A Bill passed by the State Assembly becomes law only after it is assented to by the Governor. The Governor being a part of the State legislature, the process of law making is complete only when he signs it, signifying his assent.


What is concerning about it?

In all democratic countries, similar provision exists in their constitutions. It may look a bit strange that the law-making body does not have the final say in the process of law making and the Bill it passes gets transformed into law only when the Governor assents to it. Thus, the Governors assent becomes the most crucial act in the whole law-making process.


What does the Constitution say?

    1. Article 200 of the Constitution provides certain options for the Governor to exercise when a Bill reaches him from the Assembly. He may give assent or he can send it back to the Assembly requesting it to reconsider some provisions of the Bill, or the Bill itself.
    2. In this case, if the Assembly passes the Bill without making any change and sends it back to the Governor, he will have to give assent to it. This provision contained in Article 200 (proviso) unambiguously affirms the primacy of the legislature in the legislative exercise.
    3. The third option is to reserve the Bill for the consideration of the President. The provision concerned makes it clear that a Bill can be reserved for the consideration of the President only if the Governor forms an opinion that the Bill would endanger the position of the High Court by whittling away its powers. The Constitution does not mention any other type of Bill which is required to be reserved for the consideration of the President. Nevertheless, the courts have conceded a certain discretion to the Governors in the matter of sending Bills to the President.
    4. The fourth option, of course, is to withhold the assent. But it is not normally done by any Governor because it would be an extremely unpopular action. The legislature reflects the will of the people and is the constitutionally designated body to make laws.
  • If the Governor who does not reflect in any way the aspirations of the people of the State refuses assent, and thereby defeats the legislative programme of the elected government, it would be against the spirit of the Constitution.
  • The fact that the Constitution does not mention the grounds on which a Governor may withhold assent to a Bill shows that this power should be exercised by the Governor extremely sparingly and after very careful consideration of the consequences of such action.


International examples

  • In this context it would be useful to examine the practice in the United Kingdom. There too royal assent is necessary for a Bill to be passed by Parliament to become law and the crown has the power to withhold assent. But it is a dead letter. By practice and usage there is no power of veto exercised by the crown in England now. Moreover, refusal of royal assent on the ground that the monarchy strongly disapproves of the Bill or that the Bill is very controversial is treated as unconstitutional.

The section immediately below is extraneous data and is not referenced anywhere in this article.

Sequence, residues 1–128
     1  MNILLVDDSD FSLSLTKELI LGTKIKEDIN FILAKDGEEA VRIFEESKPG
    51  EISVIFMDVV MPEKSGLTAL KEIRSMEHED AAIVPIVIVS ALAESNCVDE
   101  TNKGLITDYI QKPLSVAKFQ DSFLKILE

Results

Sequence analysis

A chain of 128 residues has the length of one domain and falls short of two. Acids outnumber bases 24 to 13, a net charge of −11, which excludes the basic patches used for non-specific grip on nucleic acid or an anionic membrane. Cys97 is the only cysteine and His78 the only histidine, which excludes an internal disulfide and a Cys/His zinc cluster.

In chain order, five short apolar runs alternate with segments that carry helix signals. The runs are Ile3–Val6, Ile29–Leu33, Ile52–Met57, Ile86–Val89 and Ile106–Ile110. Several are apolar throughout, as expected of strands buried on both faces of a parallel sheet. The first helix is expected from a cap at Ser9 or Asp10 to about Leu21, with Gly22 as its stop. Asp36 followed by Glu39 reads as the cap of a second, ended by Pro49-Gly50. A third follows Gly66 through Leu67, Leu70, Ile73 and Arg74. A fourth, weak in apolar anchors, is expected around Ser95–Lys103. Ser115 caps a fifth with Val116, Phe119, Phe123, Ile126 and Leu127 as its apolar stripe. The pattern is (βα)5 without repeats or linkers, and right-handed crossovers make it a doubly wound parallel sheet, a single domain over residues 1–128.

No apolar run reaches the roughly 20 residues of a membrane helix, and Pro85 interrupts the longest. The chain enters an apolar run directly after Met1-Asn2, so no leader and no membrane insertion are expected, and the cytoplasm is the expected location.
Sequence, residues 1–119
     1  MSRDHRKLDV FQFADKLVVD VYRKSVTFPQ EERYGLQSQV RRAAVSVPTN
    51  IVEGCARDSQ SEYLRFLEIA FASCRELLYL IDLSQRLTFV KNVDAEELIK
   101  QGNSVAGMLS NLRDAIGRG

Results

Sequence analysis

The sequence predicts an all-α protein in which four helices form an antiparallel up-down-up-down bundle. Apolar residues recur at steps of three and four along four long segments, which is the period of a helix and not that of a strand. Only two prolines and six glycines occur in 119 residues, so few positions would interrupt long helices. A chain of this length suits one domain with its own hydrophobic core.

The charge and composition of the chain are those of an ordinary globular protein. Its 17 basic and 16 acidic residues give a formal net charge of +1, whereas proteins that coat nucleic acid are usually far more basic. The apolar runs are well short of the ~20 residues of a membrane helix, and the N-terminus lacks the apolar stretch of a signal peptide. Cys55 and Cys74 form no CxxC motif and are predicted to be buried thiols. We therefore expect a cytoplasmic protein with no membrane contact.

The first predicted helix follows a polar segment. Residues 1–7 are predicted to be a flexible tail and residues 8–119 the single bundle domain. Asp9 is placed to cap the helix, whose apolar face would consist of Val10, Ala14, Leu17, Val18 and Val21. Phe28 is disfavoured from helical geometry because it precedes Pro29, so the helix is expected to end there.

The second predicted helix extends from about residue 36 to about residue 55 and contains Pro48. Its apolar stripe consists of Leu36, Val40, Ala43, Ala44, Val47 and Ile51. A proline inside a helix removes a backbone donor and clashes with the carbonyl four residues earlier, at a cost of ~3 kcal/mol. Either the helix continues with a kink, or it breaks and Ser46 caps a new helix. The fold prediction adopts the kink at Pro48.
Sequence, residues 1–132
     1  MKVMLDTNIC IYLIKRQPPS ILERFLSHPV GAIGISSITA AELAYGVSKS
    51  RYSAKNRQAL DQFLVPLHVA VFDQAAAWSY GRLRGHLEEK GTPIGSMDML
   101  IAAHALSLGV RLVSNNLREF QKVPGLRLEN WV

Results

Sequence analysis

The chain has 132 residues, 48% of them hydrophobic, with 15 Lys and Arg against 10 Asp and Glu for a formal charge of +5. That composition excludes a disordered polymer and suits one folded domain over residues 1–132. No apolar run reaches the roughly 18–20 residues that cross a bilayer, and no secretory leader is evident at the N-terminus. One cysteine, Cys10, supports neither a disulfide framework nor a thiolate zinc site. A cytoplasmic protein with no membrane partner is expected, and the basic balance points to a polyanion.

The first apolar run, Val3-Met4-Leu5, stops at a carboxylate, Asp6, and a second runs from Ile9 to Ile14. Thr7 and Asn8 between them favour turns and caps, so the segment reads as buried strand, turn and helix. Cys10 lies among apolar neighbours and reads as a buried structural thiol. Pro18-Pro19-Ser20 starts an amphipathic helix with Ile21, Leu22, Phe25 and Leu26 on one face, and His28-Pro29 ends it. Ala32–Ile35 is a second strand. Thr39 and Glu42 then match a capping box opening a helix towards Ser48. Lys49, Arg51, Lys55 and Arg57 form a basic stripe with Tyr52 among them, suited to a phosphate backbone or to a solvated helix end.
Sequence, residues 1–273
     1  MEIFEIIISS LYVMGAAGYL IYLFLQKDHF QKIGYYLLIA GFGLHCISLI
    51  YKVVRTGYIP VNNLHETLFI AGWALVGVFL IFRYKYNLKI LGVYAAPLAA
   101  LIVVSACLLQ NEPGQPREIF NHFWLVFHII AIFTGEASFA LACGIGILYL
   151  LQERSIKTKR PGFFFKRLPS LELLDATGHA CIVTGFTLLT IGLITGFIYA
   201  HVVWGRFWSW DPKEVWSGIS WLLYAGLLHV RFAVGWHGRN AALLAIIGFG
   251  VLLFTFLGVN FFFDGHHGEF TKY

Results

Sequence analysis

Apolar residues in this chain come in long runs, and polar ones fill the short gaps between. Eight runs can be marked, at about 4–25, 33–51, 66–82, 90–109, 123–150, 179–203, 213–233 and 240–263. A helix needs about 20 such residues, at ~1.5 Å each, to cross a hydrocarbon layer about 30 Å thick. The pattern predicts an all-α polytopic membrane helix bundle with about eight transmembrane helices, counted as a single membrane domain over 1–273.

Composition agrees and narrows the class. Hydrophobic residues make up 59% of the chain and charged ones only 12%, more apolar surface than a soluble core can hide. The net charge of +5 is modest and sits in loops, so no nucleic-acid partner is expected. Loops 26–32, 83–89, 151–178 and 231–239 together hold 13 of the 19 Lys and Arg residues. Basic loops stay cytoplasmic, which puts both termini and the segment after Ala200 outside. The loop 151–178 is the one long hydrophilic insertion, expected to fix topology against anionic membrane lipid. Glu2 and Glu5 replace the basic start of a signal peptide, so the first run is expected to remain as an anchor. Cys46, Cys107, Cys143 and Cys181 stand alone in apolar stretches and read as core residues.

• In the United States, the President is empowered by the Constitution to refuse assent and return a Bill to the House but if the Houses again pass it with two thirds of each House the Bill becomes law.
  • The lesson to be drawn from these practices is that refusal of assent is a practice which is not followed in other democratic countries. And in some contexts, it is unconstitutional or the Constitution itself provides a remedy so that the Bill passed by the legislature could become law even after the refusal of assent.


Issue of challenge

  • Being a high constitutional authority, the Governor cannot act in an arbitrary manner and, therefore, will have to give reasons for refusing to give assent. If the grounds for refusal disclose mala fide or extraneous considerations or ultra vires, the Governor’s action of refusal could be struck down as unconstitutional.
  • This point has been settled by a Constitution bench of the Supreme Court in Rameshwar Prasad and Ors. vs Union Of India and Anr. The Court held: “the immunity granted by Article 361(1) does not, however, take away the power of the Court to examine the validity of the action including on the ground of malafides”.



We must understand the purpose of giving options is for the authorities to exercise one of them and not to do something which is not an option at all. All constitutional authorities are required to act in a reasonable manner. Unreasonable acts are unsustainable in law.


SourceThe Hindu


QUESTION – The gubernatorial powers to exercise discretion in respect of giving assent to bills passed by state legislatures have been questioned by several constitutional experts since independence, but it remains valid even now. However, there has been progress in this direction to make it more informed and constitutional. How? Comment.